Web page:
5) Find out the prior defense counsel’s position. Because the court in Reyes Fuerte emphasized the lack of a Padilla claim as evidence of harmless error, the client’s affidavit should allege that prior defense counsel was ineffective in not explaining the immigration consequences. Postconviction counsel should respectfully lay out the client’s allegations and offer former defense counsel an opportunity to provide any rebuttal evidence. When a defense attorney concedes error, an affidavit from prior counsel could obviate the need for an evidentiary hearing.
6) Pursue plea withdrawal under “exclusion from admission” if feasible. In State v. Negrete, the court held that a defendant must demonstrate “a causal nexus between the entry of the guilty or no contest plea at issue and the federal government’s likely institution of adverse immigration actions.”29 The court stated that a defendant must demonstrate that the government has “manifested its intent to institute one of the immigration consequences listed in § 971.08(2),” such as becoming “subject to deportation proceedings.”30
In State v. Valadez, the court clarified its Negrete holding, finding that in the context of a plea that results in “exclusion from admission” the “circuit court mistakenly required Ms. Valadez to show that the federal government has taken steps to exclude her from admission.”31 The court held that Wis. Stat. § 971.08(2) “does not require such a showing” because “the immigration and naturalization statutes demonstrate the likelihood that Ms. Valadez will be excluded from admission.”32 The court observed that “Negrete was a deportation case, and the standard it sets forth governs deportation; it does not govern ‘likely’ exclusion from admission.”33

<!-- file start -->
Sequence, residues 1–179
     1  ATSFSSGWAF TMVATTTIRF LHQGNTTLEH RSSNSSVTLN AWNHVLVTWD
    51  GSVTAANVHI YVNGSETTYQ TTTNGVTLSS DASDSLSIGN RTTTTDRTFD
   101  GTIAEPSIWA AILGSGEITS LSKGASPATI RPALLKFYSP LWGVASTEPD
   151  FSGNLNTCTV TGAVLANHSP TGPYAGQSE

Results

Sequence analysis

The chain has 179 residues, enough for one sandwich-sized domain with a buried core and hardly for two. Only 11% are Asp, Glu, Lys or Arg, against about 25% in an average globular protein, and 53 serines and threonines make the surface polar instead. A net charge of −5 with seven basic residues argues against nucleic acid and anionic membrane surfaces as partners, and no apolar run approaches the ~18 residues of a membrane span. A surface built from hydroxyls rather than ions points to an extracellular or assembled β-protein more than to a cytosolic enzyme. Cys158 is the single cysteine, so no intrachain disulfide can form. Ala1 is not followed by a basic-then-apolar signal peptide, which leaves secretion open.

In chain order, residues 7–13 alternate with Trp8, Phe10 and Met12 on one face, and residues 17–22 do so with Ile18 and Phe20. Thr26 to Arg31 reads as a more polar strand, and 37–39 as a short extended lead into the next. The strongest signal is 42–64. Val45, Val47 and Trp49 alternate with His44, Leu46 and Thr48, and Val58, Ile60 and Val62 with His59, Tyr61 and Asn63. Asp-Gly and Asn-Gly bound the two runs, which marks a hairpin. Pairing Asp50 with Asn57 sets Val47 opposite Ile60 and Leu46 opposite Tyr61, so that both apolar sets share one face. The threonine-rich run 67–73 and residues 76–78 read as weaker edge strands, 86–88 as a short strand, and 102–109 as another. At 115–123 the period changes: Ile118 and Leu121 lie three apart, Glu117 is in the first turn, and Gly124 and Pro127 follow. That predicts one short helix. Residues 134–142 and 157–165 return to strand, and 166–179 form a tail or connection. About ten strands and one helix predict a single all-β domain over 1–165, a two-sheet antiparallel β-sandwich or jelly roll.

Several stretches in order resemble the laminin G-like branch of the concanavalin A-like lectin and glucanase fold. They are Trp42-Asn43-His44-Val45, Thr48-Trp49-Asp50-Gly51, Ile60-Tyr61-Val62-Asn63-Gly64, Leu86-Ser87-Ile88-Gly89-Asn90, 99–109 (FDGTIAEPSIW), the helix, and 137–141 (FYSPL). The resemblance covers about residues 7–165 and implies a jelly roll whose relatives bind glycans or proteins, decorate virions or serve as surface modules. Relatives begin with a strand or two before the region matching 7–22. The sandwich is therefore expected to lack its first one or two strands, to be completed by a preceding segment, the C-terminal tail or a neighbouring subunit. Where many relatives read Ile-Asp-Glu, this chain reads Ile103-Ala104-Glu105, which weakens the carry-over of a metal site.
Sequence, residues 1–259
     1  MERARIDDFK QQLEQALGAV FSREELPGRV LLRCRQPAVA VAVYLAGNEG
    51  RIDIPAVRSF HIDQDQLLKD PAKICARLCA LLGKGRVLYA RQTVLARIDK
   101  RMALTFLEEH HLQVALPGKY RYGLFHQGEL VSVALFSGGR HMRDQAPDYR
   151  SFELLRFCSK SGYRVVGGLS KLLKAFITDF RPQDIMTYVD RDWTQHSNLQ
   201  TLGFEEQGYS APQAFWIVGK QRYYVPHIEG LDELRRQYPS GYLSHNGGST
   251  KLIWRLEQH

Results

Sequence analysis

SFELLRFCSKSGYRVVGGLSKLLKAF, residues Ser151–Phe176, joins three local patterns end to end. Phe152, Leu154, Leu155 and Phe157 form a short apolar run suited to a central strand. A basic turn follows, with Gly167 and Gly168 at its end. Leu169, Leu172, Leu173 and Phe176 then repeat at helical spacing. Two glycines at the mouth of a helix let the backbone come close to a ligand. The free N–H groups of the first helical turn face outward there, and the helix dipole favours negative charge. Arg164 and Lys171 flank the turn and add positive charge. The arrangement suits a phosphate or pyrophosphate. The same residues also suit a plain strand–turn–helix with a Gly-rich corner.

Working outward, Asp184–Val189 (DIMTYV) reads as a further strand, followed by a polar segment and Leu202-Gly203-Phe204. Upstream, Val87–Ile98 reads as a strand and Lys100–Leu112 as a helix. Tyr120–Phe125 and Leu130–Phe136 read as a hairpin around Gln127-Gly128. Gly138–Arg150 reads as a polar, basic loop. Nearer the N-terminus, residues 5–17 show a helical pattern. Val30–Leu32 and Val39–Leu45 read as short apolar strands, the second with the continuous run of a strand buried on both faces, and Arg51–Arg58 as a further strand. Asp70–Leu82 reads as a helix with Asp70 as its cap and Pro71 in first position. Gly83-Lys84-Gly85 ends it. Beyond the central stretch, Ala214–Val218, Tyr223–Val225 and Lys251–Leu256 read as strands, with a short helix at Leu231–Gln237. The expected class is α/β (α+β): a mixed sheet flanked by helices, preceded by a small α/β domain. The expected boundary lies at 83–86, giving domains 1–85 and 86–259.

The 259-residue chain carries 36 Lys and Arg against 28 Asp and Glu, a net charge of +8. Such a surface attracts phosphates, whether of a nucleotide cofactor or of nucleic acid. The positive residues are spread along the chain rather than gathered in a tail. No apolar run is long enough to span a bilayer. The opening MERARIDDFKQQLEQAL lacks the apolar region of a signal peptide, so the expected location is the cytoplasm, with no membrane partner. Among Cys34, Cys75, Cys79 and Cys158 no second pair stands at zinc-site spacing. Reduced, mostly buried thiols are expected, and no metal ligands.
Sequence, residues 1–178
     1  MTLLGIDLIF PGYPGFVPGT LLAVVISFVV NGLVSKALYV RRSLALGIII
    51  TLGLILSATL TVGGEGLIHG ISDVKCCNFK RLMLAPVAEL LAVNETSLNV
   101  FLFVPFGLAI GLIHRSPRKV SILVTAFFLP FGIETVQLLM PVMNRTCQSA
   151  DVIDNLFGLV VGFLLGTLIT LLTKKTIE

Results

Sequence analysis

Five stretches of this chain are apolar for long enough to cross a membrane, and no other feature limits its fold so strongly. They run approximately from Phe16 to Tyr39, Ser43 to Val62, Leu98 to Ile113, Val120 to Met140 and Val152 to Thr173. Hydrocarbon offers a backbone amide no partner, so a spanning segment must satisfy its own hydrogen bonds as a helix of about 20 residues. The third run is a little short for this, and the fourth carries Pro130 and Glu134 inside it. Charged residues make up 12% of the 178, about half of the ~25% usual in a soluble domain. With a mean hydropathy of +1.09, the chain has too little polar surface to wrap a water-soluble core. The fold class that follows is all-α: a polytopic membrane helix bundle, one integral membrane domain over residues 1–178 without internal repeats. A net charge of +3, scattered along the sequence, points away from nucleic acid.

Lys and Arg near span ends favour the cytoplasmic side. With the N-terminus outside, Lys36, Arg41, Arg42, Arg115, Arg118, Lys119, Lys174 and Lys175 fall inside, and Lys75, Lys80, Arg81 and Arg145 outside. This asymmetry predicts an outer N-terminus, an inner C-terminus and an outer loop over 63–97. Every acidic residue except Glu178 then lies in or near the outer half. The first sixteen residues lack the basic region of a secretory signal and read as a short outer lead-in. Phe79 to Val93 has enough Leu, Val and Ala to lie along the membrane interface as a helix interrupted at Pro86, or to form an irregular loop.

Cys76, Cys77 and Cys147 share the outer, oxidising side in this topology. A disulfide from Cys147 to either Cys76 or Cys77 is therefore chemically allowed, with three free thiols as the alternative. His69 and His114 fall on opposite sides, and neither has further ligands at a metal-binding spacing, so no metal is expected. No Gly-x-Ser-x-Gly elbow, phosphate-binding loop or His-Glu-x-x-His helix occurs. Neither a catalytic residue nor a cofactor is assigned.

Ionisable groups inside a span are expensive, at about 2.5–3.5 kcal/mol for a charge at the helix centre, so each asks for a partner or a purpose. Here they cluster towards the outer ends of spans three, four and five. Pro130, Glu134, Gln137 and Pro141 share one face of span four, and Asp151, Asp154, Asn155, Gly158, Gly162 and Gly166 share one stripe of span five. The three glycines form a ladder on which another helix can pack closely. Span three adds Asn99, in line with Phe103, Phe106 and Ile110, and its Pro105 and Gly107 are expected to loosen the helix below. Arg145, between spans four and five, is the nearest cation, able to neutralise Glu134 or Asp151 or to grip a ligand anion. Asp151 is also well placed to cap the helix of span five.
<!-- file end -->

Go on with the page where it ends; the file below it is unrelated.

Because it may be easier to establish the nexus between the plea and “exclusion from admission,” a Wis. Stat. section 971.08(2) motion should be pursued under that basis. Furthermore, while “deportation” is likely an easier concept for a defendant to grasp, the term “exclusion from admission” is less likely to be understood by the average defendant, especially if the defendant does not understand English.
7) Approach the district attorney first. Finally, there may be tremendous value in approaching the district attorney before filing the postconviction motion. Remember that a defendant is entitled to an evidentiary hearing if the court failed to comply with Wis. Stat. section 971.08(1)(c). Under State v. Issa, the state must present clear and convincing evidence during the evidentiary hearing that the defendant was aware of the immigration consequences. The clear and convincing standard “requires evidentiary proof to a reasonable certainty.”34 It is considered a “heavy burden” to satisfy.35
In some cases, prosecutors may prefer to negotiate a new deal as part of the motion or to dismiss outright rather than expend resources on an evidentiary hearing.
Padilla Versus Generic Immigration Warnings
Although plea withdrawal under Wis. Stat. section 971.08(2) is still possible even after State v. Reyes Fuerte, a robust fulfillment of counsel’s Sixth Amendment duty under Padilla would always render a court’s failure to give the immigration warning a harmless error. This is precisely what the state argued in Reyes Fuerte.36
Unfortunately, the Wisconsin Supreme Court’s confusing interpretation of Padilla does not help. The court in State v. Shata37 equated a defense attorney’s duty under Padilla with the court’s statutory duty to provide a general immigration warning. The court stated that the “Padilla Court suggested that an attorney would give reasonably competent advice by providing a warning similar to the one that Wis. Stat. § 971.08 requires a circuit court to give: that an alien’s conviction may result in deportation.”38 The Court further reasoned that if the duty under Padilla and the Wis. Stat. § 971.08(1)(c) warnings were not the same, “then an alien defendant would receive inconsistent immigration warnings when pleading guilty or no contest.”39